Much has been written about the government’s new sector strategy Construction 2025 published in July. The summary document is a good clear read and well worth a few minutes to review. To be honest, we’ve seen much of it before, and that’s good, we’ve known how the sector needs to improve for years and we need some continuity in driving forward towards that vision.
Perhaps the main break-through is that this is one of a series of sector strategies from HMG, others include nuclear, automotive (of course), aerospace, professional and business services, agriculture, offshore wind. For the first time this is explicit recognition that construction is up there as a key strategic sector for growth, both in its own right and as an enabler of success in those other sectors, most of whom are important customers of built environment in its different forms.
Another factor which the other strategies have in common is that they came with announcements about big government investment in joint government-industry research programmes. Ours was notably silent on this, and therein lies a fundamental weakness. The other sectors feature stand-out big players, e.g. Rolls Royce, who have their own big R&D programmes and which the government can leverage with matching funding. Where are the equivalent programmes in our sector? Not within the sector, but at places like BRE and in our universities.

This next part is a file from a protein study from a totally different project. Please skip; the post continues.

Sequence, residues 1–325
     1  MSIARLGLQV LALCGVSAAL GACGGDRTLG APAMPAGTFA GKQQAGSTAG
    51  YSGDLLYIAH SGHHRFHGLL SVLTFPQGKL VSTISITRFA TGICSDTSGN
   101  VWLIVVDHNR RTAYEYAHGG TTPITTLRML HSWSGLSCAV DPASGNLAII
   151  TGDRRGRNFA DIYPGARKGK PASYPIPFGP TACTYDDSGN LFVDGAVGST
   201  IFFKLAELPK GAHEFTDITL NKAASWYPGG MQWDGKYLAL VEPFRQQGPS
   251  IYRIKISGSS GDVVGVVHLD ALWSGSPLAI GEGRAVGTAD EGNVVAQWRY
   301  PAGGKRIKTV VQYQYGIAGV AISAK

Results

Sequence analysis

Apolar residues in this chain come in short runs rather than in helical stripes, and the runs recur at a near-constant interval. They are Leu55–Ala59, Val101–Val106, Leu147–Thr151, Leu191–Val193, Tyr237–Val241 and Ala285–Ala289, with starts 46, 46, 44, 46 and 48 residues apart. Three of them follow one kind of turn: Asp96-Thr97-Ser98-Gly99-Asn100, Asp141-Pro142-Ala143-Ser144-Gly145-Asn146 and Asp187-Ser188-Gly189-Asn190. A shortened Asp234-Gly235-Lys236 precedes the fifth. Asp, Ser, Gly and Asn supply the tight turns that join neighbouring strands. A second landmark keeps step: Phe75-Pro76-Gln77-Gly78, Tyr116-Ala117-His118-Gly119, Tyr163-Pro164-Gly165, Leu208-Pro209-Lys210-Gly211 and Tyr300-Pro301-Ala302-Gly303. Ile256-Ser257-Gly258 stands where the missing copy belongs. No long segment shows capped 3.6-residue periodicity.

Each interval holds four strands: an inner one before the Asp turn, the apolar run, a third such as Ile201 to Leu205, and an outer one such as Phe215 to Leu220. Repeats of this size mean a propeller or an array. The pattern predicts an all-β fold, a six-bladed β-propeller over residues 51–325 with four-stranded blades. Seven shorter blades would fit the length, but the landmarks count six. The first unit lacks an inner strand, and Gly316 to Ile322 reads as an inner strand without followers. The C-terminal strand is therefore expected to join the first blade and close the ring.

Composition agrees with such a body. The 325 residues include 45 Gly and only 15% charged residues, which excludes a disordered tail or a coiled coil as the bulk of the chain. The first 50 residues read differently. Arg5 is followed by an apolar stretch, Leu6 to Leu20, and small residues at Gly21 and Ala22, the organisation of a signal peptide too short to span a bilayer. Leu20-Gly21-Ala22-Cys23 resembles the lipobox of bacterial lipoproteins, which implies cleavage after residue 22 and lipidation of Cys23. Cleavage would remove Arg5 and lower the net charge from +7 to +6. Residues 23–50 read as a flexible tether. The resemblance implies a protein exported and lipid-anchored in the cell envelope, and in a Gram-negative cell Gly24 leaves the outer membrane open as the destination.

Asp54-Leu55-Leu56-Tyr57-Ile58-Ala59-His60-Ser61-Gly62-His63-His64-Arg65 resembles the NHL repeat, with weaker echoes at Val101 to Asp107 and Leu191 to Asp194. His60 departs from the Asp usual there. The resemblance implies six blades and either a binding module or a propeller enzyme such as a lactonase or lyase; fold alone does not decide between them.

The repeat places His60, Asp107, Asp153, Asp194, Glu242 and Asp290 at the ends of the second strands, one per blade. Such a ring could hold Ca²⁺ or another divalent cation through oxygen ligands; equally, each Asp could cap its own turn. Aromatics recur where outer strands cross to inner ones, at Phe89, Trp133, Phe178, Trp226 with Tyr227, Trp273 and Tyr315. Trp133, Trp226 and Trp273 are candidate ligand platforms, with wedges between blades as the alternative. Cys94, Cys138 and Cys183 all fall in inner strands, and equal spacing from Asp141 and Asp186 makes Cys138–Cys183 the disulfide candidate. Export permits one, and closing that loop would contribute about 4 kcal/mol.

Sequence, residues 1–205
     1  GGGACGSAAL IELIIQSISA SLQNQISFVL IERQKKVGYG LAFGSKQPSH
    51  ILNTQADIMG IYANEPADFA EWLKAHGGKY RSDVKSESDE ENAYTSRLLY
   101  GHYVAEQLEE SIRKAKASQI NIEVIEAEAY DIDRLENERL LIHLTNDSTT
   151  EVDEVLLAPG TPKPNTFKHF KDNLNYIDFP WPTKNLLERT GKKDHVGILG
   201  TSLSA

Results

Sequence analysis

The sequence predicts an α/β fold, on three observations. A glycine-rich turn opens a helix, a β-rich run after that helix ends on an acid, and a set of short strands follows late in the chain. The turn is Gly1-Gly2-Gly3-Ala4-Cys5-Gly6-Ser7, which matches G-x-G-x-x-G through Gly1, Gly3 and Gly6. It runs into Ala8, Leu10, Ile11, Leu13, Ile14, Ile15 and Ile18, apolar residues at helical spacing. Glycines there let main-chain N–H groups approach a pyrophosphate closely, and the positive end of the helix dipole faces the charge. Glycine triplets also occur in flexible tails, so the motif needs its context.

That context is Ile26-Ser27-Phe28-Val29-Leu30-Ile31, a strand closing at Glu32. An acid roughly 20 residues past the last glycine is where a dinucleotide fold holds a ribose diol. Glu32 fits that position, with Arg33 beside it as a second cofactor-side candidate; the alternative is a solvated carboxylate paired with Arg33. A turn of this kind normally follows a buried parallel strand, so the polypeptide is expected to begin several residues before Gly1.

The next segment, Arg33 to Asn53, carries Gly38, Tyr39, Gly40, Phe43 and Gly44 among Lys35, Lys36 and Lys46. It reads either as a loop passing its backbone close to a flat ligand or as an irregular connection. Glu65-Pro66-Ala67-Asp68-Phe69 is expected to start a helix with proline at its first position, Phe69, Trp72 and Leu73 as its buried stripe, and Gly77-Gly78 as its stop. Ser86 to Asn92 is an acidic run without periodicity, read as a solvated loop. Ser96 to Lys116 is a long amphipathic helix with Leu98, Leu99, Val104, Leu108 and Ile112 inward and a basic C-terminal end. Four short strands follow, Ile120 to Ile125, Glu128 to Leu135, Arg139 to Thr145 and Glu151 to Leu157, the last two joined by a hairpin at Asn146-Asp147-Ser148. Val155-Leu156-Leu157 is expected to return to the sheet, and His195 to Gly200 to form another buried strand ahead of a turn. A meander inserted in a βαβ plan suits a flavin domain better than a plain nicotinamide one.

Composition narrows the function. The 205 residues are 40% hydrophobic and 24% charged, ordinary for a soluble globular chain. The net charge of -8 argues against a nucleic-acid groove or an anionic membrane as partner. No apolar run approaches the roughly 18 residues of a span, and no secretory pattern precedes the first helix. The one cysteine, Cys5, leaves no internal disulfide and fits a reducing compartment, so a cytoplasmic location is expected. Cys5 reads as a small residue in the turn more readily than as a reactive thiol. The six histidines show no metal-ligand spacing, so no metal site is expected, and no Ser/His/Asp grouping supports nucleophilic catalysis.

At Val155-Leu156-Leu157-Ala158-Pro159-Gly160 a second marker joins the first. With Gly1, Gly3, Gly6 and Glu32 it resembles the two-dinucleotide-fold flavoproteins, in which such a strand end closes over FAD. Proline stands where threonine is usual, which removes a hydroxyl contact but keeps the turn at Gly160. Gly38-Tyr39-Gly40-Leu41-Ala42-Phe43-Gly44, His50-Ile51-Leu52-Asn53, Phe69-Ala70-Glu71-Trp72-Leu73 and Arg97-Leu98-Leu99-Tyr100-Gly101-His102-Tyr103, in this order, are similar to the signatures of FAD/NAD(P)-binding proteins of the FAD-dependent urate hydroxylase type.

As Constructing Excellence members found at a recent meeting with 20 universities, universities in our sector are facing research funding cuts due to the end of big funded programmes, reduced student numbers due to fees, and competition from these other well-funded sectors. Built environment departments need our help, both to make the case for government research programmes, and to build stronger links between the sector’s leading edge players in the contracting and consulting communities.
So, who is your local university, and have you made contact? Can you reach out, learn what their issues are, learn about their latest research and harvest some ideas for your business, or support them in their teaching or research programmes by providing in-kind support. Everyone should connect to their local university, they are a gold-mine if you can work together.
(This article first appeared on building.co.uk)